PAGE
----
A traditional solution in response to the expected water discharge needs would be the construction of a sewer system that can cope with expected variation in water amounts. With the Emscher project a more transitional approach was taken strengthening the water cycle by converting the river and its tributaries into nature-like waterways and by having waste water channelled through closed sewers. Gradually being developed, the valley will comprise cooling green spaces, areas for flood control, recreation areas and a habitat network, therefore enhancing quality of life in the Ruhr metropolitan. Nature-like water bodies have a higher capacity to buffer extreme weather events. In case of heavy rainfall, a nature-like water body has a 10% higher retention capacity than a heavily modified water body. The green belts accompanying the Emscher and its tributaries work as fresh air supply corridors for the dense urban areas. Wetlands and areas for storm water retention cool down heat islands. The living quality for people rises, heat stress is reduced, and new cycle paths along the water bodies provide possibilities for sustainable mobility. The overall approach taken is to integrate water management and urban planning for a water sensitive urban development.

Before projects such as dynaklim and Future Cities started, each actor in the Emscher region developed its own adaptation strategy. For example, the water boards analysed whether their sustainable water management was fit to cope with expected impacts of climate change. Cities assessed their building stock and discussed which improvements would be needed in response to the heat island effect. Further, the Regional Association Ruhr (Regionalverband Ruhr) fostered their measurements of urban temperatures. With the support of these two projects a cross-sectoral approach was developed, including all relevant stakeholders such as: water management, planning, building, health sector and emergency service ones. For example, in addressing climate change and the future availability of water, the dynaklim network elaborated a “Roadmap 2020”. This roadmap is a cross-sectoral framework of reference for a future, regional adaptation strategy that coordinates goals and activities of regional administration, politics, economy and society, identifies and coordinates priorities with relevant regional actors and structures them in terms of timing.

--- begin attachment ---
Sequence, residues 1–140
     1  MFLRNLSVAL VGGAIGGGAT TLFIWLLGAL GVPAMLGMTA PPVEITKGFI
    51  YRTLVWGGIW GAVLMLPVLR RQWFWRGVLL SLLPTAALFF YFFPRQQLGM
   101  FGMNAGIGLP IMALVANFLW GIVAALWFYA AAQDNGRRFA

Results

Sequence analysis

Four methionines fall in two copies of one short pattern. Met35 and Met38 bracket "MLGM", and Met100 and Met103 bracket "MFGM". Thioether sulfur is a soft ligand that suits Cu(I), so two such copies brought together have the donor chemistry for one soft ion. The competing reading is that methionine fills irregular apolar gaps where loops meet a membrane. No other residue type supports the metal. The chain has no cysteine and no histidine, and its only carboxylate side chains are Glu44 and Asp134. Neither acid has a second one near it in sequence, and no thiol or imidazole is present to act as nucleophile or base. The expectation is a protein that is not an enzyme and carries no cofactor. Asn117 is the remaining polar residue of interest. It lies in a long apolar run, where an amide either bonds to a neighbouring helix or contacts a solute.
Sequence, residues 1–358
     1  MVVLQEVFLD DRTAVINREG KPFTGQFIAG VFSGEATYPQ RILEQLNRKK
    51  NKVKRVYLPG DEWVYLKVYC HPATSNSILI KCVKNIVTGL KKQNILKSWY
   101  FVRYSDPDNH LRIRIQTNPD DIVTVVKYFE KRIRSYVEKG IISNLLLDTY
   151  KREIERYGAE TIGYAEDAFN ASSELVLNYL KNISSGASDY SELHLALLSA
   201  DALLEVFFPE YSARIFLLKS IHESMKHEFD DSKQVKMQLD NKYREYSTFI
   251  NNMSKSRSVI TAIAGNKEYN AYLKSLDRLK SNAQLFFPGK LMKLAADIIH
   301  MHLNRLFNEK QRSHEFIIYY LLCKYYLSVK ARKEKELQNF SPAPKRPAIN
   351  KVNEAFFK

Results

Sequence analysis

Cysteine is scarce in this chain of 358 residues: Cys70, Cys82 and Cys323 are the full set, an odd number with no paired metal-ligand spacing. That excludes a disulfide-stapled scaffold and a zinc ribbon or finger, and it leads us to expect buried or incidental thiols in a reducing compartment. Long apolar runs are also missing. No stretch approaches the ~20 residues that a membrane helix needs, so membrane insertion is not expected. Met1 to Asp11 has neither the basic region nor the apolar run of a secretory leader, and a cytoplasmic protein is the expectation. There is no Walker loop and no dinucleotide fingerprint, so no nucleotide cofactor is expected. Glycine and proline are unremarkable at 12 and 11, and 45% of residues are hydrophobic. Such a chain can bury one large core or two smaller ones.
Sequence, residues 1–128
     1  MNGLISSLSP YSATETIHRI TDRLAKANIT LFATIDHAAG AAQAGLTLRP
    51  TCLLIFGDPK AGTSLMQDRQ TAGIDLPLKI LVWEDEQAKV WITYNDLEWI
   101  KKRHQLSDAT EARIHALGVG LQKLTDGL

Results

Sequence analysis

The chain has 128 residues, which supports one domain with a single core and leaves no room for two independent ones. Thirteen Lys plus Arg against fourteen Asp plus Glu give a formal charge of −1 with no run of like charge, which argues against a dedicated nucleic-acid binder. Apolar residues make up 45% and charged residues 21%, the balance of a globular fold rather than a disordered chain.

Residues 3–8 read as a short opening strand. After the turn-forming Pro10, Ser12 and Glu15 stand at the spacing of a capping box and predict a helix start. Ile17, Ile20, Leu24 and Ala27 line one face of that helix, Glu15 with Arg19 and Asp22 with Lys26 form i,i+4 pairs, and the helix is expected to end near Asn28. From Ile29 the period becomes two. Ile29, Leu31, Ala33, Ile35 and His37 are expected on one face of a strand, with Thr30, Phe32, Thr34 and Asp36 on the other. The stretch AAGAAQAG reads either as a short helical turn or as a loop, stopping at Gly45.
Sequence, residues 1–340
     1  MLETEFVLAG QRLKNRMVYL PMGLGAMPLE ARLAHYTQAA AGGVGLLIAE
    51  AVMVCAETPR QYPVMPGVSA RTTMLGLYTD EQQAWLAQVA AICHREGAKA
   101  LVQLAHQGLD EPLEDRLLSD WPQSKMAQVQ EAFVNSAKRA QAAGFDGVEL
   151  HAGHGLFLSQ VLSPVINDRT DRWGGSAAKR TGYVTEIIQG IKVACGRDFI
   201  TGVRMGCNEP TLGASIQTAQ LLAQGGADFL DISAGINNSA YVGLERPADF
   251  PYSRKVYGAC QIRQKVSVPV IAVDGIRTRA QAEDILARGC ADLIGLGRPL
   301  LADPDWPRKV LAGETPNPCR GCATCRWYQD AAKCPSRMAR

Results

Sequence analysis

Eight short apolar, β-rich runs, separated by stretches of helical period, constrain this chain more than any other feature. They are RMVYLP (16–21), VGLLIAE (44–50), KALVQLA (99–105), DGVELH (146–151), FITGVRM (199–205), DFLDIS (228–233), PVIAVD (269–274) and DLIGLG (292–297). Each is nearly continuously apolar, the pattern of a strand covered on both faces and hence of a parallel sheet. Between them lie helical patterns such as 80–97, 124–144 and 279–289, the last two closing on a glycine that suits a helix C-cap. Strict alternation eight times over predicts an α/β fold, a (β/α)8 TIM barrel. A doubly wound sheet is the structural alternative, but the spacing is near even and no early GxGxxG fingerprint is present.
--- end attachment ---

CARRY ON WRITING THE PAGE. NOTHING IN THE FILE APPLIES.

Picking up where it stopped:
In addition, being a partner in the Future Cities project, the Emscher case served as an example to develop strategies to make city regions fit to cope with the expected impacts of climate change. Within the project the joint tool “Future Cities Adaptation Compass” was developed to help city regions to create their own adaptation strategy. This tool fostered very much an interdisciplinary approach to reach cross-sectoral solutions.

An example of an outcome of the Future Cities project is the sustainable development of two climate-proof industrial parks in Bottrop, in the Emscher region. Flash floods after heavy rainfalls often occurred on both sites. This situation is expected to be intensified with climate change. The Emschergenossenschaft and the Bottrop municipality agreed on a cooperation to restructure the industrial parks "Scharnhölzstraße" and "Boytal", thereby combining water, green and energy measures to make them climate-proof.